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Flagler alumnus Christopher Catania helps by giving back as a way to make positive change

May 30, 2020

​For Christopher Catania, a 2001 alumnus of Flagler College and Wells Fargo at Work Regional Manager for Florida and the Southeast, giving back to his alma mater has always been an extension of his strong belief in the importance of higher education.

“I recall my father always telling me that college changes your way of thinking,” Catania said. “It helps you shape your worldview and understand others’ perspectives. At Wells Fargo, I’ve had many opportunities to give back to the community, and as a Flagler alum, this particular community partnership really warms my heart. It’s rewarding to be able to give back and make a difference in a way that is so personal.”

That commitment to higher education and community support is one shared by Wells Fargo, which has shown its generous support to Flagler through scholarships and other means.

“Wells Fargo has been a champion of students and education for many years,” Catania said. “Our company supports colleges and universities in a variety of ways, including supporting programs like Flagler’s first generation scholarship initiative, delivering financial education workshops, and participating in other efforts focused on increasing access to education and professional opportunities.”

In addition, this year the financial services company has made the decision to support Flagler College’s COVID-19 Student Relief Fund, something Catania believes will help keep students on track despite the disruption caused by the pandemic.

“We know our long-term success is directly linked to the success of our customers and the communities we serve,” he said about Wells Fargo. “When our communities thrive, we thrive. We have a commitment to our communities and each other, especially now as we face the COVID-19 health crisis and find ways to overcome the obstacles that come with it.”

This builds on other support from the company, including the scholarship focused on first-generation students, through which Catania said the company hopes to support the success of Flagler students who are the first in their families to attend college.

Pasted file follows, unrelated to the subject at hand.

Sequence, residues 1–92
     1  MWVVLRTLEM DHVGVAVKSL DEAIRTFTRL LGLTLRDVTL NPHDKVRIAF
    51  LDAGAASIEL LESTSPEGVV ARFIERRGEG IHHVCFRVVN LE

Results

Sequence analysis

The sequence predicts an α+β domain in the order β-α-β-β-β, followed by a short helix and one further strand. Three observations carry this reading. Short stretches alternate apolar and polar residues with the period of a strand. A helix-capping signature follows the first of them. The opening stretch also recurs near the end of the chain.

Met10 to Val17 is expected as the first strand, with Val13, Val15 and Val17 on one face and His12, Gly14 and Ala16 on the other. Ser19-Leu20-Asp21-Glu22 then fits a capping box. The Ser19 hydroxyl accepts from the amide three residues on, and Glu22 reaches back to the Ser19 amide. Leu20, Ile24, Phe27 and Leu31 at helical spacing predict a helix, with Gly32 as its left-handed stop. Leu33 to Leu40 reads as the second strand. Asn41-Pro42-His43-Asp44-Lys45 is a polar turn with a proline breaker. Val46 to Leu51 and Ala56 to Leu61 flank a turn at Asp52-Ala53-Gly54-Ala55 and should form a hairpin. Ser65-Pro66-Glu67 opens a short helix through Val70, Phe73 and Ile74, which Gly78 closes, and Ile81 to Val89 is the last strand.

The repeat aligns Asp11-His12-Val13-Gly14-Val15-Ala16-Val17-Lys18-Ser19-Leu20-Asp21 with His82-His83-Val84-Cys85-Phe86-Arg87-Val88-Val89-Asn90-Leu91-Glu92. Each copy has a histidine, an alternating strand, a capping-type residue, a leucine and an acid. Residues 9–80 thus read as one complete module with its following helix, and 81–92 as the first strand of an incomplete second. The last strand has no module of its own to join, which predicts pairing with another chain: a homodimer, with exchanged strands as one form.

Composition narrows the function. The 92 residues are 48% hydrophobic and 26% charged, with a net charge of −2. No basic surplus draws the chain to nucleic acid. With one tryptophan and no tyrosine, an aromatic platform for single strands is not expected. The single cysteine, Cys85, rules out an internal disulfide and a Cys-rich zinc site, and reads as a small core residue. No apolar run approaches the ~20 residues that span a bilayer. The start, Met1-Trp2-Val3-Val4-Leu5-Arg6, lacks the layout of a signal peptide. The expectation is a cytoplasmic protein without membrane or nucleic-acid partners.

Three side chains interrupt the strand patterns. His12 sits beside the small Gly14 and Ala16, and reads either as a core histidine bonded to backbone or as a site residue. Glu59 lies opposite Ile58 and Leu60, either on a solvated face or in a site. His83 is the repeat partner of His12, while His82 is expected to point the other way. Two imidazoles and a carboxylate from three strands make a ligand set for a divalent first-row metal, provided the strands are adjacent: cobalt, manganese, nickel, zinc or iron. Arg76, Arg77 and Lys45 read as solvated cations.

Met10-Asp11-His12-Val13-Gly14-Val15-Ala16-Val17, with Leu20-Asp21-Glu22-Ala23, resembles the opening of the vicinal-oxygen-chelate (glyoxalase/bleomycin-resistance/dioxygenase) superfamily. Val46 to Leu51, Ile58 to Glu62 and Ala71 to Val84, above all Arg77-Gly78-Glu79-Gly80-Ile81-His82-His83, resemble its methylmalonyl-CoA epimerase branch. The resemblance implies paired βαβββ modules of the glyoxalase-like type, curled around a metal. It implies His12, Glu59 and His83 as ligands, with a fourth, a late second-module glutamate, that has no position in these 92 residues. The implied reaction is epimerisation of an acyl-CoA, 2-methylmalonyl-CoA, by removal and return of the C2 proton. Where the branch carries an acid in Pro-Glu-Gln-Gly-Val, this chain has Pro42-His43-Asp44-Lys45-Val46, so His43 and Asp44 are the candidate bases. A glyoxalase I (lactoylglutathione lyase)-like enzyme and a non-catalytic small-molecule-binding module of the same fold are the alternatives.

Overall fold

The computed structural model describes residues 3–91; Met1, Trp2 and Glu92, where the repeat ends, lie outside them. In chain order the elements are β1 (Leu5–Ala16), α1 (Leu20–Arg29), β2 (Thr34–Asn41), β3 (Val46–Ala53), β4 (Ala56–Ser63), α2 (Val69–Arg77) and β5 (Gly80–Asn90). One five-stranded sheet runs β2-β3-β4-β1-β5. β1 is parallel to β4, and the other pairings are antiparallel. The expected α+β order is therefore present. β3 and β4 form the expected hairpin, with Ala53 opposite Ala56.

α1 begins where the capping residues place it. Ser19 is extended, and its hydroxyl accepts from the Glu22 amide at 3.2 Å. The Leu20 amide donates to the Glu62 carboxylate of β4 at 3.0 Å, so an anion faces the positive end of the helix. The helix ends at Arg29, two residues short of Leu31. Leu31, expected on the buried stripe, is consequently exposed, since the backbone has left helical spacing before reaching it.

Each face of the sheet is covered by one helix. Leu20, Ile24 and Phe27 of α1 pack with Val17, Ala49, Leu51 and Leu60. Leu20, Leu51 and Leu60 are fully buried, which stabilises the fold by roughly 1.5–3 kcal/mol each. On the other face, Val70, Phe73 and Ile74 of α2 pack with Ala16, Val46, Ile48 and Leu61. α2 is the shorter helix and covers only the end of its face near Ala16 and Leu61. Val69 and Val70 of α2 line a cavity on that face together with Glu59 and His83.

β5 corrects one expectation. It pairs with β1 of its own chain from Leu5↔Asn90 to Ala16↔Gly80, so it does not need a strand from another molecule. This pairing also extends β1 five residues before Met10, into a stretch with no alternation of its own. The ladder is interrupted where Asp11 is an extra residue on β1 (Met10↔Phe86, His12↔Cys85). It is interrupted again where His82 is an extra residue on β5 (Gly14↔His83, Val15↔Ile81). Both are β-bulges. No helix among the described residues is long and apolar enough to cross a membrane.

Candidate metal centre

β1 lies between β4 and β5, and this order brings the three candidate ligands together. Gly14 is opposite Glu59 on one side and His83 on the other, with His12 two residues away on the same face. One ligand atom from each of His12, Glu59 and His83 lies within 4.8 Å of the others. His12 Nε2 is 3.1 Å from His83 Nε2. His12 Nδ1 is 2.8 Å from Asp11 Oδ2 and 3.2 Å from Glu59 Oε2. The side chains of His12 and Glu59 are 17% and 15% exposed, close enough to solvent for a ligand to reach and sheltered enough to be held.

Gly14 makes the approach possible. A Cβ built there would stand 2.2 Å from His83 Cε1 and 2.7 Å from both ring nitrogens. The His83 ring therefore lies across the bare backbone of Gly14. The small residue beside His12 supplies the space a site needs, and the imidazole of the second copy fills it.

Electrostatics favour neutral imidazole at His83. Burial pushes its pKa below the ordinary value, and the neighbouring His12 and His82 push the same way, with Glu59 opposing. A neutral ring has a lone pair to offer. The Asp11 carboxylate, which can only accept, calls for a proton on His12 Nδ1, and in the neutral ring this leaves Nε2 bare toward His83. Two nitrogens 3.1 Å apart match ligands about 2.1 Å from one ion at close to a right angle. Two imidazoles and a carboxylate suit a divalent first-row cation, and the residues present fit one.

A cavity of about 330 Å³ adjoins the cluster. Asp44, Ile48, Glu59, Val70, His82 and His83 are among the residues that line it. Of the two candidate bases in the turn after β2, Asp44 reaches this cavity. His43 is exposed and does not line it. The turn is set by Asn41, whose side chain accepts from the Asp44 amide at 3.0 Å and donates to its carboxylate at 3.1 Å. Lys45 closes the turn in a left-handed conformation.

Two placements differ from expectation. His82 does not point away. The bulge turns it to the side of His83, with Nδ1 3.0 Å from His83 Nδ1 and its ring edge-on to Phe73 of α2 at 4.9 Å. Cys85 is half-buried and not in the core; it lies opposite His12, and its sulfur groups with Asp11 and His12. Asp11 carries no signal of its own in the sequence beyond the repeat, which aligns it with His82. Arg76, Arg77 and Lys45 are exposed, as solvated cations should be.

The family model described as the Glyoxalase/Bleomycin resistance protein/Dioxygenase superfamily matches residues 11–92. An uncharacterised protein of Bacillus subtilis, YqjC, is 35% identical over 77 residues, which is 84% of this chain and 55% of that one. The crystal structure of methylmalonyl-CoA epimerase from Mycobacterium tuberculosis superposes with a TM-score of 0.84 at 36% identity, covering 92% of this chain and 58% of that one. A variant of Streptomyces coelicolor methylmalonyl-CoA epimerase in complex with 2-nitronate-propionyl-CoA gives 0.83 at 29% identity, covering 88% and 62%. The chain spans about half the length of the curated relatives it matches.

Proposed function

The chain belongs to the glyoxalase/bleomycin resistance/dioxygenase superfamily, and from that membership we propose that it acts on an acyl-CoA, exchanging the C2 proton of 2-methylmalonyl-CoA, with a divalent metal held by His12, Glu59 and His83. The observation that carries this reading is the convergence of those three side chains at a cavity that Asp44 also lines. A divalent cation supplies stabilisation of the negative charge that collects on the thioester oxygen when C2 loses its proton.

“Our greatest priority is helping people succeed financially and build better lives,” he said. “Higher education is one of the most powerful tools for achieving income mobility.”

For Catania, the importance of giving back to the community is something that he learned during his 20s when he first started working with Wells Fargo. It’s a concept that is deeply embedded in the company’s culture, and that has guided him to get more involved with Flagler, both as a donor, as well as with the College’s Alumni Board.

“That’s when I learned first-hand the great need thereis to help students,” he said about the Board. “I was fortunate enough to have financial support from my parents when I was in school, but we all know many hard-working families cannot afford to cover all the costs associated with a college education. I remember starting out my first year at Flagler as a freshman with lots of goals and dreams, many of which have been fulfilled thanks to my education. I hope to pay it forward through financial contributions to help make college as impactful of an experience for other students as it was for me.”

Part of the commitment he has made to the college has been in helping to build alumni participation and engagement, particularly because these are such critical measures for colleges.

“Engagement is often misinterpreted to just mean financial support, but that is only one form of it,” he said. “Participating in alumni weekends, keeping up by reading newsletters, referring potential students, engaging your employers and other organizations, and helping graduates find jobs are others ways alumni can support colleges and universities. All kinds of support can have a great impact on current and future students, the college and the entire community that surrounds it.”

He is quick to recognize the support and encouragement he received at Flagler from key faculty who went beyond lectures and really worked to develop him into someone who would be successful after graduation.

“I had great professors who took a real interest in my future," he said. "I remember taking a business ethics course with Dr. Delaughter, an economics course with Mr. Kelly and the rapport I built with Mr. Presyz, who helped me get an internship during my junior year that eventually led to my first job out of college. That internship jumpstarted my career in the finance industry, which now spans 20 years.”

Catania ties it all back to what his father always told him about higher education’s ability to change the way he thinks.

“I can’t stress enough how much college helped to shape my worldview and grow into the person I am today,” he said. “I see how higher education institutions, like Flagler, have a major impact on the long-term success of our business communities, and I realize the impact it had on me. I want to be part of that, and I am fortunate enough to have the ability to give back.”

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